On June 5th, Tiffany & Co. joined more than 902 businesses, 180 colleges and universities, and leaders from 125 cities to send an open letter to the international community. Our message: we’re still in on the Paris Climate Agreement. Despite President Trump’s announcement, we remain fully committed to achieving ambitious climate goals and accelerating the transition to a low-carbon economy.
Climate change is a broad issue, affecting the economy, the sustainability of our communities, our natural resources and public health. The threats posed by climate change require urgent action, and companies, civic leaders and citizens must all do their part. I encourage everyone to carve out a niche and focus on the problems they’re best positioned to solve. At Tiffany & Co., beyond reducing our greenhouse gas emissions, we have long focused on protecting the oceans. The relationship between oceans and climate change is well studied. Healthy, living oceans help absorb carbon dioxide and reduce the impact of climate change. But climate change also threatens oceans. It has contributed to rising sea levels, warmer water temperatures and ocean acidification, leading to the loss of marine life, decreased catches for fisheries and decreased economic opportunity.
Tiffany & Co.’s ocean advocacy focuses on the protection of coral, which we stopped selling in our jewelry over 10 years ago. Many see coral as a plant or a rock – they don’t understand it is an animal, and a cornerstone species for healthy marine ecosystems. Last week, the National Oceanic and Atmospheric Administration (NOAA) released a report warning that corals reefs in the United States are on course to disappear within the next 20 or 30 years due to coral bleaching from climate change. Scientists predict that nearly 90 percent of the world’s coral reefs will be gone by 2050. Coral reefs – which shelter 25 per cent of marine species, protect shorelines, enable fisheries and attract tourists – are not ecosystems we can afford to lose.
Research is critical, but must be complemented by citizen education and engagement.
The Tiffany & Co. Foundation, which Tiffany & Co. established in 2000 to focus the company’s philanthropic efforts, is proud to support organizations that are dedicated to preserving coral ecosystems for future generations. In collaboration with Bloomberg Philanthropies and Paul G. Allen Philanthropies, The Foundation support 50 Reefs, a global initiative that will identify the 50 reefs least vulnerable to climate change and best placed to seed the future of reefs, in order to galvanize targeted action and bolster long-term coral conservation. The Foundation has also been proud to support the Wildlife Conservation Society’s (WCS) coral and marine conservation efforts since 2000, recently donating $1 million to expand Marine Protected Areas (MPAs) around the world. With a target of creating 3.7 million square kilometers of new MPAs, WCS will support the UN Sustainable Development Goal of protecting 10 per cent of the world’s oceans by 2020.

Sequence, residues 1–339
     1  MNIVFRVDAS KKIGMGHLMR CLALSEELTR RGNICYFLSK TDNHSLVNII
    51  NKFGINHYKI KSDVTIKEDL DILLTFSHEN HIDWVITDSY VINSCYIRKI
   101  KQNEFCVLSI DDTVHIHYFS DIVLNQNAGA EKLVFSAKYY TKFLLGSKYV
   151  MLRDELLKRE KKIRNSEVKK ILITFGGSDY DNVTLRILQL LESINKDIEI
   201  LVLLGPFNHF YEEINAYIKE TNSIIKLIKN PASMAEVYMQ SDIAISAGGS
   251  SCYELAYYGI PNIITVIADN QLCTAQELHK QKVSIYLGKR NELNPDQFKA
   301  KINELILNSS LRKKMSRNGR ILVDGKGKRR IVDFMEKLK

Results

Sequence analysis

Research is critical, but must be complemented by citizen education and engagement. Most people don’t spend much time underwater – in the U.S., active divers make up just 1.1 per cent of the population. Those of us who experience coral first-hand know of its magic, but how do we translate that experience to people above water to inspire advocacy? The Tiffany & Co. Foundation’s grantee Conservation International has digitized the need for coral advocacy through Valen’s Reef, an immersive virtual reality experience set in Indonesia’s Bird’s Head Seascape, home to one of the world’s most biologically diverse reefs. This visually stunning film captures a 12-year conservation success story, with the goal of inspiring viewers to take action to protect marine ecosystems.
These initiatives represent a variety of innovative approaches to coral conservation, but more must be done. Addressing climate change requires bold commitments and cooperation between sectors, but not every action needs to be massive in scale or cost. Clean Seas, a new campaign from UN Environment, offers consumers accessible calls to action, such as avoiding cosmetic products with microbeads or refusing to use plastic straws. Companies can make small changes, too; for example, Tiffany & Co. recently instituted a ban on serving shark fin soup at any events we host. Shark fin soup is a dish historically associated with luxury culture, but the soup drives the unsustainable shark fin trade, which exploits and threatens shark populations.
#SaveOurOcean – the rallying cry of this week’s UN Ocean Conference – is a tall order for any one person or organization, especially in the context of climate change, which can sometimes feel like an intangible threat. But there remains cause for optimism. In the absence of leadership from Washington, states, cities and businesses representing a sizeable percentage of the U.S. economy will fulfill the climate goals we have set, working together to take forceful action. Additionally, the 194 nations which remain in the agreement will move ahead regardless of the U.S. decision. And as we work to protect Earth’s most precious resources, the strength of our collective individual actions should not be underestimated. After all, the ocean itself is made up of single drops.
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